Keith Armstrong

In the Department of Poetry

‘Our paths may cross again, they may not. But I wish you success for the future. I don’t think you are a person who is easily defeated through life as you are by nature a peacock which shows at times its beautiful feathers.’ (Margaretha den Broeden)


In the Department of Poetry something is stirring:

it is a rare bird shitting on a heap of certificates.

He bears the beautiful plumage of a rebel,

flying through the rigid corridors,

the stifling pall of academic twaddle.

He pecks at the Masters’ eggheads,

scratches pretty patterns along the cold walls of poetic power.

He cares not a jot for their fancy Awards,

their sycophantic perambulations,

degrees of literary incest.

These trophies for nepotism

pass this peculiar bird by

as he soars

high

above the paper quadrangle,

circling over the dying Heads of Culture,

singing sweet revolutionary songs,


showing off


his brilliant wings


that fly him

into the ecstasy

of a poem.


Outside Your Lonely Window


My God,

we are

indeed lucky,

in this great and ancient city,

to have,

in our presence,

such a poet as you.

Sometimes,

it even seems

that you

are bigger than us,

with your huge dome

dominating

our history.

Such an immense

and supreme

ego,

larger than the space

in Grainger Market.

And, when it comes to writing up our story,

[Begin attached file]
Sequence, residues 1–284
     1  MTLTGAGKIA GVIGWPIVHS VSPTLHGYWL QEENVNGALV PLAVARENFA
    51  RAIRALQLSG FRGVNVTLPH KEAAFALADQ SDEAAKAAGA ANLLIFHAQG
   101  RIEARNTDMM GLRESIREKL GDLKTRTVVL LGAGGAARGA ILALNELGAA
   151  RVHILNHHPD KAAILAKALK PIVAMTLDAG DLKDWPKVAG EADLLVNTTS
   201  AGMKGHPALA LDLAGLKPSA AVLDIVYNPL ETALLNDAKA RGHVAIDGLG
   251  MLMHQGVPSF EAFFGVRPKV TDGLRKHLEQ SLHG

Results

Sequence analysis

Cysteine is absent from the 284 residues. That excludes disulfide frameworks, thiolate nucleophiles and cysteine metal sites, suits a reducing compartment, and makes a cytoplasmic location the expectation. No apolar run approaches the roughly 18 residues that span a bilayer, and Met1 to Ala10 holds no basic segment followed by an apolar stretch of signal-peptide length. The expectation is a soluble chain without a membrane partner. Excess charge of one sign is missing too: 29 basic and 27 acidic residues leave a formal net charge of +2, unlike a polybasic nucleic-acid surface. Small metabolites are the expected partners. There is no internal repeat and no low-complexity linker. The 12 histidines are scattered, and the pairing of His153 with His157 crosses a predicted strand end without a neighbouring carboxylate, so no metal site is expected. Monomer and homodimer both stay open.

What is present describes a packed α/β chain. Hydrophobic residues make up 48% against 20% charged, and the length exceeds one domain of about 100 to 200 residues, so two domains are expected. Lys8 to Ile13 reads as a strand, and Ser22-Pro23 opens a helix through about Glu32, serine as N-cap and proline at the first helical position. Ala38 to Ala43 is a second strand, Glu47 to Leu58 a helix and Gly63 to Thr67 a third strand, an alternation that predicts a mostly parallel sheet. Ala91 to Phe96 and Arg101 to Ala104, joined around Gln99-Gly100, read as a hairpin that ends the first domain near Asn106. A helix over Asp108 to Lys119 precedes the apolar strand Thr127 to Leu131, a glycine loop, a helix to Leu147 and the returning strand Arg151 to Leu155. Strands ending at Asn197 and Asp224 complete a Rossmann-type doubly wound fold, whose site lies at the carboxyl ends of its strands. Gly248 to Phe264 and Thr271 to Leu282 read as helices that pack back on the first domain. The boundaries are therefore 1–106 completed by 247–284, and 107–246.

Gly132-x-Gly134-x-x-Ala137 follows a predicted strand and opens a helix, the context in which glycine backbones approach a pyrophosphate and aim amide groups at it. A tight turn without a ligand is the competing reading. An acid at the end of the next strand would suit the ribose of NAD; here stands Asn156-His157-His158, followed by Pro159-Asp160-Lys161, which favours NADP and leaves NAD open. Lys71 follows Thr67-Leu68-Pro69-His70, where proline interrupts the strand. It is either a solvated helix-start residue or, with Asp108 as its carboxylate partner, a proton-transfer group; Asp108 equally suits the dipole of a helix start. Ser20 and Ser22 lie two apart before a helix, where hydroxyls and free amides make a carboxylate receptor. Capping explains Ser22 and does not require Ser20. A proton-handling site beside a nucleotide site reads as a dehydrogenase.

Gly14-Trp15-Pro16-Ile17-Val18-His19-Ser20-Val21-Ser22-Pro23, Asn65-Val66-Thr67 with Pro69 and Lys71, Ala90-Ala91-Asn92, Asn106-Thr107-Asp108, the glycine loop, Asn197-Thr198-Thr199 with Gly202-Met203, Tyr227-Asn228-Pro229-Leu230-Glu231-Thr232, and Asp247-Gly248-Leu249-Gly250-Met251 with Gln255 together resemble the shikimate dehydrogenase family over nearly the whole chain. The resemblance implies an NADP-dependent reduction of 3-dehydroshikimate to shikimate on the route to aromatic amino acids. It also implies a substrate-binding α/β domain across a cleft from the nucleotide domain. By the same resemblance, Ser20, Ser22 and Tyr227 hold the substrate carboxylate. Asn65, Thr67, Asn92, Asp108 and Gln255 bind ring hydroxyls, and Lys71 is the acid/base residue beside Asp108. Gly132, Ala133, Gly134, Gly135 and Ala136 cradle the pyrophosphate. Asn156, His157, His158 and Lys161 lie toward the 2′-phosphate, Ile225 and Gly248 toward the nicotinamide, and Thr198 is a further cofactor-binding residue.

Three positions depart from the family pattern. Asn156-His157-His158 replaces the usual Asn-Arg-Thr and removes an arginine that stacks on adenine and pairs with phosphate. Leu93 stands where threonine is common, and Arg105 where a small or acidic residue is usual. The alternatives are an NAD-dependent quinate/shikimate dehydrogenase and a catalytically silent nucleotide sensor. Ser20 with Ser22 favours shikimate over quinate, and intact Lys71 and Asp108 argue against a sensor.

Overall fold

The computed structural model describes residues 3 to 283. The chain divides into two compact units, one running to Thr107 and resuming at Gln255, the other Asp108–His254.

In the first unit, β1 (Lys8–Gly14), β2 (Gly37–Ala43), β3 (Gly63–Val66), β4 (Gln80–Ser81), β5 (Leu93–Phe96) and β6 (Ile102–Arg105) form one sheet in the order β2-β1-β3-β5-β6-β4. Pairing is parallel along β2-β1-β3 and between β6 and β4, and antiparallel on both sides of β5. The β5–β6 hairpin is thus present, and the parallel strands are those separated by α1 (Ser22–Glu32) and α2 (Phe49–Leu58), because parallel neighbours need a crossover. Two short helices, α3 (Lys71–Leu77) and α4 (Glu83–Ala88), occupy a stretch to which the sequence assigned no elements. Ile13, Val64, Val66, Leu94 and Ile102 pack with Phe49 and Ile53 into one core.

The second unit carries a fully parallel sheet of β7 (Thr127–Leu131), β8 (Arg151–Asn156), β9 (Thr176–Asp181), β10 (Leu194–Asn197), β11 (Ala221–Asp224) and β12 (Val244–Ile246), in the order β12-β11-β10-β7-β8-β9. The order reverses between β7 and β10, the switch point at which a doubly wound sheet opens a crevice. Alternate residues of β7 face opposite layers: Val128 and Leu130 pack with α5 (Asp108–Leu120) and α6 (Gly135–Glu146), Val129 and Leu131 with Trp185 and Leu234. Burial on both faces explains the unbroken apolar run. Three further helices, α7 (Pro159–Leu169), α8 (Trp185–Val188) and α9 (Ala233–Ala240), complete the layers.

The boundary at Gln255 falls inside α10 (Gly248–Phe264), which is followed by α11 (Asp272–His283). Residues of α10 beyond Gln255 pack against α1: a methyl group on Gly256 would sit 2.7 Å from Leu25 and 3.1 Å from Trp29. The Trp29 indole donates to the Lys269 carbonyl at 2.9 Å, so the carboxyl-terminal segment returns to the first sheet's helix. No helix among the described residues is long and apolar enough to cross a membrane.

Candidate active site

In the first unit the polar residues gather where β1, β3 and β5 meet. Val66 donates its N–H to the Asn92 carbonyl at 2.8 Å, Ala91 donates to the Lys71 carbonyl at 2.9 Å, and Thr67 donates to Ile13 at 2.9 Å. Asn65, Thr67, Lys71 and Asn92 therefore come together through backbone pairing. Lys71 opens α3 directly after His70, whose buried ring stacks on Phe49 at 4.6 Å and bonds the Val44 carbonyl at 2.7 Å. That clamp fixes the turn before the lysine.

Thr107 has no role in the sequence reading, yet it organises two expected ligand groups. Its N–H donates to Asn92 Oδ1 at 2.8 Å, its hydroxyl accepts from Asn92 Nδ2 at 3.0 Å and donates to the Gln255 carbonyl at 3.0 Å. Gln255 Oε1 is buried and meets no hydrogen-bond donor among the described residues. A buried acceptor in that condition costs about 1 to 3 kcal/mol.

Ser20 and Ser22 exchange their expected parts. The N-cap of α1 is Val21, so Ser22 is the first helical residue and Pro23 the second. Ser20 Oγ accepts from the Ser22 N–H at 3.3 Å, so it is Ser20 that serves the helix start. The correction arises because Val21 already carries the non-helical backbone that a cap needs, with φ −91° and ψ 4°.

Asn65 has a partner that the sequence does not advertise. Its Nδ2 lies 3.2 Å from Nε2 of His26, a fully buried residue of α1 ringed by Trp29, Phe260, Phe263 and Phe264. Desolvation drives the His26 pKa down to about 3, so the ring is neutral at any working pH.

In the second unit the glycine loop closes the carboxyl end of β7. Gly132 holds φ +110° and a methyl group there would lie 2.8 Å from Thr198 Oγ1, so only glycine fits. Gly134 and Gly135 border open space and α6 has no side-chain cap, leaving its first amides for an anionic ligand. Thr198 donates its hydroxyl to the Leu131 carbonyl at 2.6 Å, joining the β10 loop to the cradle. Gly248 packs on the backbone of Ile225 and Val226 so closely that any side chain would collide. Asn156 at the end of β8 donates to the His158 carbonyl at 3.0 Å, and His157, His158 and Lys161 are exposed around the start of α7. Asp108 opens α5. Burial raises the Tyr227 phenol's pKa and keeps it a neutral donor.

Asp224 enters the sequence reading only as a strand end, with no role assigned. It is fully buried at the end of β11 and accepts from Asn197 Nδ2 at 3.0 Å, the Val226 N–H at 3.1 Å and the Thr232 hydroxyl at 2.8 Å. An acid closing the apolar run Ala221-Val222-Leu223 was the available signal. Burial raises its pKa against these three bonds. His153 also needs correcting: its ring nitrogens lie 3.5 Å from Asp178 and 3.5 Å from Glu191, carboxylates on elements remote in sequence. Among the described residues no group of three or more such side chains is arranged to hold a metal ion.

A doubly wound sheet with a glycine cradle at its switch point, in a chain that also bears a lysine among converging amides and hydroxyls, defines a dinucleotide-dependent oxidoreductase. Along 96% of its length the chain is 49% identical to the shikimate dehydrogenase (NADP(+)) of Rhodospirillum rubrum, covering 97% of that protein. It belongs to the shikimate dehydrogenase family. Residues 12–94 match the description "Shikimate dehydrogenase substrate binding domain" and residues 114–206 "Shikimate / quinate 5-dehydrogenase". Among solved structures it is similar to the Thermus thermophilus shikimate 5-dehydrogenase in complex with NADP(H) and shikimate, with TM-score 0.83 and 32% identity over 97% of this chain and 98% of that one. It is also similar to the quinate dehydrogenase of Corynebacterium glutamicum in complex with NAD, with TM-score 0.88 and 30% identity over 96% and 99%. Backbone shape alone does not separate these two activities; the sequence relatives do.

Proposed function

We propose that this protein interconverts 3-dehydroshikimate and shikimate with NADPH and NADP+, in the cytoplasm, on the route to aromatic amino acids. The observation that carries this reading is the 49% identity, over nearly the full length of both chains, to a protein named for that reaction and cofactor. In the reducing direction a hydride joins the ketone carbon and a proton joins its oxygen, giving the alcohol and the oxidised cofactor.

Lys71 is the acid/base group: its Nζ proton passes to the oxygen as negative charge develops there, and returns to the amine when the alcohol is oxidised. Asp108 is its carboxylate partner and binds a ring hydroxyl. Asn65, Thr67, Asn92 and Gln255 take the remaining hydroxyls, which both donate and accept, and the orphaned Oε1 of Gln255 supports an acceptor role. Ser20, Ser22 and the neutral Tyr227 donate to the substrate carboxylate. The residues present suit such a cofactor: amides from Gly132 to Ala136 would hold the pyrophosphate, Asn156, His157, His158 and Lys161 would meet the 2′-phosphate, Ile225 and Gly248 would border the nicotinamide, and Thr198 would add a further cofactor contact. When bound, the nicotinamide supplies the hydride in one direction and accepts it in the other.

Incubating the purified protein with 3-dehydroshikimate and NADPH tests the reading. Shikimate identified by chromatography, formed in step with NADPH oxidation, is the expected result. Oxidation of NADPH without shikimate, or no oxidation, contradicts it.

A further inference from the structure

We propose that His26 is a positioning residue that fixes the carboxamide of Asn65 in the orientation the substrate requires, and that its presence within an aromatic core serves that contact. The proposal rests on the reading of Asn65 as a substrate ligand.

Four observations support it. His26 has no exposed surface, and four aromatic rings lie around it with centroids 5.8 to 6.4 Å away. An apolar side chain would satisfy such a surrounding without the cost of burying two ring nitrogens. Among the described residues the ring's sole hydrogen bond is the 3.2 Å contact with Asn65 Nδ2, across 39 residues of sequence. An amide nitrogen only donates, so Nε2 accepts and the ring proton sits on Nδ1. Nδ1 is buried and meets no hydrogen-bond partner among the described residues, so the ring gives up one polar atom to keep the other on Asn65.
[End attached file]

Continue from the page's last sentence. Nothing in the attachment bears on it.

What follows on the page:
we, of course,

must turn to you,

with your flawless technique

and structured craft,

turn to you

in our peasant

ignorance.

Since,

though we have folk songs,

they cannot do justice

to the language,

like you

above all,

can.

Perhaps,

next time,

before we break

into song,

we should ask you

to subject our voices

to your analysis.

But then

I don’t think,

in your padded academic tower,

that you can hear us all

singing

in the trees,

outside

your lonely window.


Keith Armstrong © 2018

Lament For A Writer Dead


He died,

clinging on to his pen,

at six in the morning,

his usual stint.

He’d run out of anything to write about.

For years, he’d watched the world go by his study,

observing other people’s lives.

All he had to do was fill the page,

disengaged,

lacking in instinct,

without a history,

with no real vision of any particular community.


After all,

he knew he was

a writer,

a describer,

inscriber of someone else’s paving stones.

An expert on poetry,

with nothing much at all

to say.


Fat Man Lodged On Dog Leap Stairs


He pounded the cobbles

of the Castle Garth,

bowling along

with his brain hanging over his neck

and his belly

looming over his huge pants.

His overeducated head

weighed a ton

and bore down

on an arse

fattened on home- made pies.

He was carrying a plan

for the working classes

but forgot his heart was too small,

dwarfed by his huge mouth

and an expensive ego.

He had a board meeting to go to,

the big fart,

and he sweated grants

as he blundered along

to the narrow alley.

He was far too broad of beam really

but he was late for everything,

including his funeral,

and thrust his plates of meat

onto the slippery steps.

History closed in on him,

the Black Gate,

the Keep,

as if to tell him

it wasn’t his,

as if to say

‘get out of my town’.

He squeezed himself onto this narrow stairway

and, like his poetry,

got stuck.

He couldn’t move

for his lack of lyricism.

The Fat Man

was firmly lodged

on Dog Leap Stairs

and the crows

began to gather

to swoop

and pick

the bloated power

from his face.



Keith Armstrong © 2018